Also, historian/writer John Barry lives in New Orleans, but sometimes - at taxpayer expense - flies in from Washington, D.C., where he spends several months a year doing research for books.

In all, the public footed a $17,883 bill for his travel for 2009 and 2010.

'If they're out of town working and we need them to attend a board meeting, I don't think it's fair to ask them to pay those expenses,' said Doody.

'If in fact we were allowed to vote by conference call or Skype, or go to a meeting or any of those things, you know then probably a lot of these expenses could be avoided,' Barry said. 'But the fact is the law does not allow us to vote (long distance).'

Kevin Kane of the Pelican Institute for Public Policy says perhaps the law should be changed to allow commissioners to vote via teleconferencing.

'In a time where we're facing deficits and everybody's looking to cut spending, it seems pretty clear that travel expenses are one of the first things that we ought to look to be minimizing,' said Kane.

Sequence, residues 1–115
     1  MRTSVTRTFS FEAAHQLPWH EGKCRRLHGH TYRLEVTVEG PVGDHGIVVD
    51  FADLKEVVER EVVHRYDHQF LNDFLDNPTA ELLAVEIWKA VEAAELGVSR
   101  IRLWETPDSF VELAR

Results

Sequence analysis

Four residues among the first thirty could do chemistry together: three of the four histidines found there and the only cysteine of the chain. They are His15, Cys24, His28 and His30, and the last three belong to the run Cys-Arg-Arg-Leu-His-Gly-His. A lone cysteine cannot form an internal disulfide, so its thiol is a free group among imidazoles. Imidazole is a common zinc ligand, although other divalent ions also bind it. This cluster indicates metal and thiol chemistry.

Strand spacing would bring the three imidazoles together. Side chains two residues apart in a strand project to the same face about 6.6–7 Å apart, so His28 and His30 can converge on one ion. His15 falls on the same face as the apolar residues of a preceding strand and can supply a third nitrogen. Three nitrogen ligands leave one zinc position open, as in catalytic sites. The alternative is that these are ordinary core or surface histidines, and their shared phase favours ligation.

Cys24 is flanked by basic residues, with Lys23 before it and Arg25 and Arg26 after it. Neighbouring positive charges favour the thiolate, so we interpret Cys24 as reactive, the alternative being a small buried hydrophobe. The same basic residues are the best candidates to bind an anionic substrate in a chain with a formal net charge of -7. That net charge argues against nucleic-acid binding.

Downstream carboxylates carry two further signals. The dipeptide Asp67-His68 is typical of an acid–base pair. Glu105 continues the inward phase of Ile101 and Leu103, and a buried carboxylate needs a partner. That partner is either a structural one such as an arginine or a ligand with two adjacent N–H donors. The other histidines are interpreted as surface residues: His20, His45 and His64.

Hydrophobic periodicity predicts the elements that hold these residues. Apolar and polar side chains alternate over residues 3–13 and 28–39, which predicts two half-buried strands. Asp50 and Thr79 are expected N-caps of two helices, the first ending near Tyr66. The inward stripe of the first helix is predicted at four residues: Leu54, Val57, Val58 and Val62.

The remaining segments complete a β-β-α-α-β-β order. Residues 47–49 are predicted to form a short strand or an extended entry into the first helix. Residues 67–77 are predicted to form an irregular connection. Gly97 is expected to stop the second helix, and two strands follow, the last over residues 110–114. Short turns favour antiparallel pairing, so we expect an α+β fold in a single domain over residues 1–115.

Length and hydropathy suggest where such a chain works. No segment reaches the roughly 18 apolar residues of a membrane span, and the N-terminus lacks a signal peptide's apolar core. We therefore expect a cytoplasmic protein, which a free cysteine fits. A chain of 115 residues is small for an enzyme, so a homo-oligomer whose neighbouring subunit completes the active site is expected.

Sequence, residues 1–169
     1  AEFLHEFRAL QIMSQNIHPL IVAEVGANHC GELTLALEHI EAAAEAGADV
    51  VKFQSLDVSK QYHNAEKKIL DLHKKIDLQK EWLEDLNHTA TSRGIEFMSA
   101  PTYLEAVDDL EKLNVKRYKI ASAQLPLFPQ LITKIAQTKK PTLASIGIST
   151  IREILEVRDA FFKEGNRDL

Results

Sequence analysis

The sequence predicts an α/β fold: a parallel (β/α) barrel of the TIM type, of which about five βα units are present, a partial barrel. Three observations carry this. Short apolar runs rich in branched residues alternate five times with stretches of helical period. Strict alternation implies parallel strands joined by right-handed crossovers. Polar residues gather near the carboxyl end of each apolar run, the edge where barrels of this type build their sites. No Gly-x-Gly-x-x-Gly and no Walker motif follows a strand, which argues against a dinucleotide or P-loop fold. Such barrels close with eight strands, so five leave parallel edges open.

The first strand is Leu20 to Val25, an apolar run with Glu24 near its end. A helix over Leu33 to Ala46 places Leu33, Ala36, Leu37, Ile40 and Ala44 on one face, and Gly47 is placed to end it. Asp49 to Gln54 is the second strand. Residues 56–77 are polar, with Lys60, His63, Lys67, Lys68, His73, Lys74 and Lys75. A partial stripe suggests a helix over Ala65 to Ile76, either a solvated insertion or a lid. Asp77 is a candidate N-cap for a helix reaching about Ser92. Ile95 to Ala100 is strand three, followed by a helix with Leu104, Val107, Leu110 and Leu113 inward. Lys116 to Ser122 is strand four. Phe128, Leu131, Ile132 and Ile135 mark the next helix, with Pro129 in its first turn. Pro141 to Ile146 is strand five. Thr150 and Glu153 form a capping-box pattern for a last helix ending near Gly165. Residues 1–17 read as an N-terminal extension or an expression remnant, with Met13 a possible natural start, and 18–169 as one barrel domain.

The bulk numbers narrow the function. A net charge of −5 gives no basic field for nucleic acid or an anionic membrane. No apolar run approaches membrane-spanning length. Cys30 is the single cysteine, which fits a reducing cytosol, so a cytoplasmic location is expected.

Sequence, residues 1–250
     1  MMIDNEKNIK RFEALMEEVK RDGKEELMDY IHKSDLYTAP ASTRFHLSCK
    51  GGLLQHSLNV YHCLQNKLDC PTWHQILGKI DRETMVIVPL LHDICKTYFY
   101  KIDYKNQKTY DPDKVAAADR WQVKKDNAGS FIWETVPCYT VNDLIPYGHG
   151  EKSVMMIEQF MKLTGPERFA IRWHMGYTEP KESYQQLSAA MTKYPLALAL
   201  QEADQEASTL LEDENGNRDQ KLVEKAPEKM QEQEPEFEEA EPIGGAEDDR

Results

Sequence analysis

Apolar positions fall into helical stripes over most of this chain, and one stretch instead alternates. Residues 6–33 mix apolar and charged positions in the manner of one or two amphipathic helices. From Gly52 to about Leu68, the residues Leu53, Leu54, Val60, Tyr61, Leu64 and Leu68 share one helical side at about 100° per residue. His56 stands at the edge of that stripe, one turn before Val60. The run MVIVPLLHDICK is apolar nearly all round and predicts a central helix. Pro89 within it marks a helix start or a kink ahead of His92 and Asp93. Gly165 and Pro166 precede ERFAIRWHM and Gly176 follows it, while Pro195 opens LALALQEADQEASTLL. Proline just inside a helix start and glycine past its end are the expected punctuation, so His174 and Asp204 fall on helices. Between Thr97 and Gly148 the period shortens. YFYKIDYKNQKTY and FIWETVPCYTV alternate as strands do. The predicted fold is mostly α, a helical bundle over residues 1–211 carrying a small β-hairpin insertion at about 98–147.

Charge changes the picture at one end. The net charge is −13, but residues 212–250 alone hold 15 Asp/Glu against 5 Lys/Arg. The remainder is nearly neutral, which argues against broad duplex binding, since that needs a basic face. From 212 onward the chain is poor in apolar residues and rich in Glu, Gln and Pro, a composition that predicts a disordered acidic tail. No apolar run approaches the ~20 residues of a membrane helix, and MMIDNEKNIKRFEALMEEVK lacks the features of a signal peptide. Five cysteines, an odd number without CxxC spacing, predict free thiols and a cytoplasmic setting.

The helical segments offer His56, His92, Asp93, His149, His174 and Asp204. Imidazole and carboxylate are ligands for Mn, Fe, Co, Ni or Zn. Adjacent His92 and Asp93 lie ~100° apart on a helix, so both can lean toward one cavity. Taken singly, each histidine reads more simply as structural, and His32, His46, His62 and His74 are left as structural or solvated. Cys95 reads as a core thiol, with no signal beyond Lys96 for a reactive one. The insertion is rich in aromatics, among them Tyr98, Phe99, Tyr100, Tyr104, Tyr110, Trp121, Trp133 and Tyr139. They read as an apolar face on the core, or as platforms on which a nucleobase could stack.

Eyewitness News asked Jindal, who appoints the commissioners, if travel expenses are justified.

His spokesman on coastal issues, Garret Graves, responded, saying, 'An audit should be conducted to ensure that public funds are expended strictly following the division of administration's travel regulations. Any improper expenditure should be reimbursed to the levee authority ....'

Board president Tim Doody explains the flood authority's stated mission.

'You know, it's basically to provide flood protection to all the people inside of our protected area,' he said.

Yet the east bank flood authority is spending tens of thousands of dollars on contracts with what would typically be called public relations firms. Two are local -- The Estopinal Group and Schulkens Communications. And one -- Kim Floyd Communications -- is based in California.

Eyewitness News asked Tim Doody if the firms were being hired, in essence, to improve the flood authority's image.

'No, I would not say that. They're being hired to help us communicate with the public. That's specifically what they're hired for,' he said.